NEW RELEASES - November 1
|FRESH FROM THE THEATERS|
"Fantasy is front and center in Millions," writes talltale, calling the film "a charming, entertaining tract about the uses of religion, economics, and charity. Yes, the movie makes you feel good, but [director Danny] Boyle also makes sure you understand why you're feeling good. Smart, sweet stuff, this - and the kids are terrific!"
"Heights, a feature debut by director Chris Terrio, celebrates its essential New York-ness as few other films have," wrote N.P. Thompson in the introduction to his interview with the filmmaker. "Along with the screenwriter Amy Fox, the impressive cinematographer Jim Denault, and a flawless cast, Terrio tracks a day in the life of Isabel (played by Elizabeth Banks), a woman in her twenties, who balances her upcoming wedding to a handsome young attorney (James Marsden) with her struggle to establish a name for herself as a photographer."
Also features a terrific turn from Glenn Close and, in supporting roles, Eric Bogosian, Michael Murphy, Isabella Rossellini, Rufus Wainwright and George Segal.
Star Wars: Episode III - Revenge of the Sith (2005).
"A definite step-up from its flawed yet serviceable predecessors, The Phantom Menace and Attack of the Clones, respectively," says JTurner1. "Whereas the aforementioned prequels took their time to set up exposition, this one unfolds at such a fierce, kinetic pace that you'll be hanging on for dear life."
Tropical Malady (2004).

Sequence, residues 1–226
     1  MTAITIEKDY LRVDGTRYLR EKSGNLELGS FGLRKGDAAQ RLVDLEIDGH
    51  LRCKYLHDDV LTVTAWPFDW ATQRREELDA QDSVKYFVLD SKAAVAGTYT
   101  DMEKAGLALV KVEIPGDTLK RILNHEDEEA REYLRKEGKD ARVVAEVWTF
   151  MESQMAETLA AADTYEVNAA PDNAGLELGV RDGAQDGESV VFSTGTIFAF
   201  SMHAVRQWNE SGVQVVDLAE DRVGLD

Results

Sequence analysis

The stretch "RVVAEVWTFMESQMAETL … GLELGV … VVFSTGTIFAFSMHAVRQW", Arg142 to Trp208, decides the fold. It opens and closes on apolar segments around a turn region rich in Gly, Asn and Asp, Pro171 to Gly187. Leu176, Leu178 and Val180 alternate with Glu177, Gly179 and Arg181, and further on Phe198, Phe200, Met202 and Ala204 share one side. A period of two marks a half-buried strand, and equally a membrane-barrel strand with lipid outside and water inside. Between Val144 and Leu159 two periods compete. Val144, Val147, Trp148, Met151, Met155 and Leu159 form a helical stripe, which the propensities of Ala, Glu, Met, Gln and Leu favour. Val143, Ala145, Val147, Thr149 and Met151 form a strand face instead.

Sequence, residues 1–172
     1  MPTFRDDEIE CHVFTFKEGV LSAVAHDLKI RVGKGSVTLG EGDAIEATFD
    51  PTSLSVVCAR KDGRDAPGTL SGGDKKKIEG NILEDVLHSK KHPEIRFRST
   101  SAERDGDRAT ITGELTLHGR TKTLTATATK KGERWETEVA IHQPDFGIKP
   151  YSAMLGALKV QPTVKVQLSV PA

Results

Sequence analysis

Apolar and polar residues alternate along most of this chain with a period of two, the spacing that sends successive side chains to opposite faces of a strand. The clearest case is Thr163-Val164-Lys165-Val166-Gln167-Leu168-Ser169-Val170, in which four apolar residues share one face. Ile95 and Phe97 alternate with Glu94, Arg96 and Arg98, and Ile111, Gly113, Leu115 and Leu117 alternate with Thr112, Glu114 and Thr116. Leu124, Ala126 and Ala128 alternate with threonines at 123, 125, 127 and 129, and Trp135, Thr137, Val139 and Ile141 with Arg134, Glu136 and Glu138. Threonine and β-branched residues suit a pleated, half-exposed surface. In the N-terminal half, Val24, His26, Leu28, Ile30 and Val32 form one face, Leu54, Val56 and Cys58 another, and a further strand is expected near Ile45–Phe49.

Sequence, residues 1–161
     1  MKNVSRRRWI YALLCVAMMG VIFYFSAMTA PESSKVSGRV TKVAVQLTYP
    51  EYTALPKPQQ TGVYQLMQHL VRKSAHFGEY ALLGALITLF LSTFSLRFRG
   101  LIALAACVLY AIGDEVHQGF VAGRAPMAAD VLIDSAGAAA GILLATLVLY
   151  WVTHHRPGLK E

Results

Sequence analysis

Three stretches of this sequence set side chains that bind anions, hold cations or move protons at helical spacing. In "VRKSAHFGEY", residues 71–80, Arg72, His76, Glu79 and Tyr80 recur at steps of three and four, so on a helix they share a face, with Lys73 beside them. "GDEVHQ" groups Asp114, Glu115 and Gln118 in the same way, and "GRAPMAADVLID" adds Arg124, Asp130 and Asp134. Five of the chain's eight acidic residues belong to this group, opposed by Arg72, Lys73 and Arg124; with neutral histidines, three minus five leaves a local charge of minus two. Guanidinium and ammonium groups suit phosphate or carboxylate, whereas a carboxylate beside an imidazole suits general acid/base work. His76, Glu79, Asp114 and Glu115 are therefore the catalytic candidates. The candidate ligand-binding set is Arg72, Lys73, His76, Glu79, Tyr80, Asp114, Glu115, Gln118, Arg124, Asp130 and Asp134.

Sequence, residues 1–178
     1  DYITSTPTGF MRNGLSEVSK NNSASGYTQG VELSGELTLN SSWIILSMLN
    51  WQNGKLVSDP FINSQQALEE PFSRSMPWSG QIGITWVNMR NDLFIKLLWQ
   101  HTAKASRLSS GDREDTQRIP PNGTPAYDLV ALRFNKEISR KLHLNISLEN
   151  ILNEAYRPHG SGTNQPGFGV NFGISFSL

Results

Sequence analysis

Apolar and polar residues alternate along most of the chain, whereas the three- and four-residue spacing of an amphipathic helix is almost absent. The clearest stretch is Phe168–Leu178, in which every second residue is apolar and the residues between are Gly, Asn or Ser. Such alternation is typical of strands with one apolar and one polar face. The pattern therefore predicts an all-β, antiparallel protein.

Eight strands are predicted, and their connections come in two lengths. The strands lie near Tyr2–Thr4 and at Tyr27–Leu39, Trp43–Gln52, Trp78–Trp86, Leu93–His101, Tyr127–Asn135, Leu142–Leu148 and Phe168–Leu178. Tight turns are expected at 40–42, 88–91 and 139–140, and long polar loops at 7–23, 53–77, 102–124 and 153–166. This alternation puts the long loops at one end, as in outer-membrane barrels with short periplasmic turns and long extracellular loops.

"If there is a Thai equivalent of Gesamtkunstwerk, [Apichatpong] Weerasethakul's cinema is it," James Quandt wrote in Artforum back in May, noting he's a filmmaker steeped in "Bruce Baillie and Andy Warhol... Thai soap operas and ghost stories, love songs, talk shows, children's tales, and Buddhist fables... to turn everyday objects and images into the ineffable and enigmatic, inhabitants of a phantom zone where the hard, 'real' world of cars and bodies and buildings cedes dominion to a magical realm of reverie and desire."
Also: Don't miss the interview Jonathan Marlow conduced with Apichatpong Weerasethakul earlier this year.
Roystan Tan's original short about five teens in Singapore was such a hit on the festival circuit, he eventually turned it into a feature. "Harrowing," pronounced Philip French in the Guardian, and little wonder: "They do drugs, get drunk, smuggle heroin, take part in violent gang warfare, are obsessed with sex, rail against educated Chinese boys who despise them, devise rock routines, pierce their bodies, practise self-mutilation, intimidate respectable citizens in public and contemplate suicide."
Not a date movie, in other words.
Two for the Road (1967).
"They keep talking about doing a remake of this, but who would have the balls?" Don Roos wondered out loud as he compiled a list of guilty pleasures for Film Comment this summer. "It's perfect."
With Audrey Hepburn and Albert Finney.
Orchestra Wives (1942).
The orchestra here is Glenn Miller's and he's pretty much playing himself. The plot has something to do with backstage rivalries among, that's right, the wives who are traveling along with the band, but that's neither here nor there, really. The movie's about the musical numbers that'll whisk you off to another time and place.
With George Montgomery and Anne Rutherford.
The Rains Came (1939).
"An exotic romantic melodrama," writes TV Guide, "an epic tearjerker."
With Myrna Loy, Tyrone Power and George Brent.
Kyo Kara Maoh! God (?) Save Our King! (2005).
"I admit it, I absolutely loved this anime," Battie wrote of the first volume. "Every male character is extremely bishie (even if Yuri and his fiance are younger-looking). I've heard people say X has some bishie guys, but they can't compare to Kyo Kara Maoh's lads."
"Whether you're in it for the adventure or the lighthearted man-on-man innuendo, this series is a quirky and fun twist of a well-worn genre," writes Carlo Santos for the Anime News Network.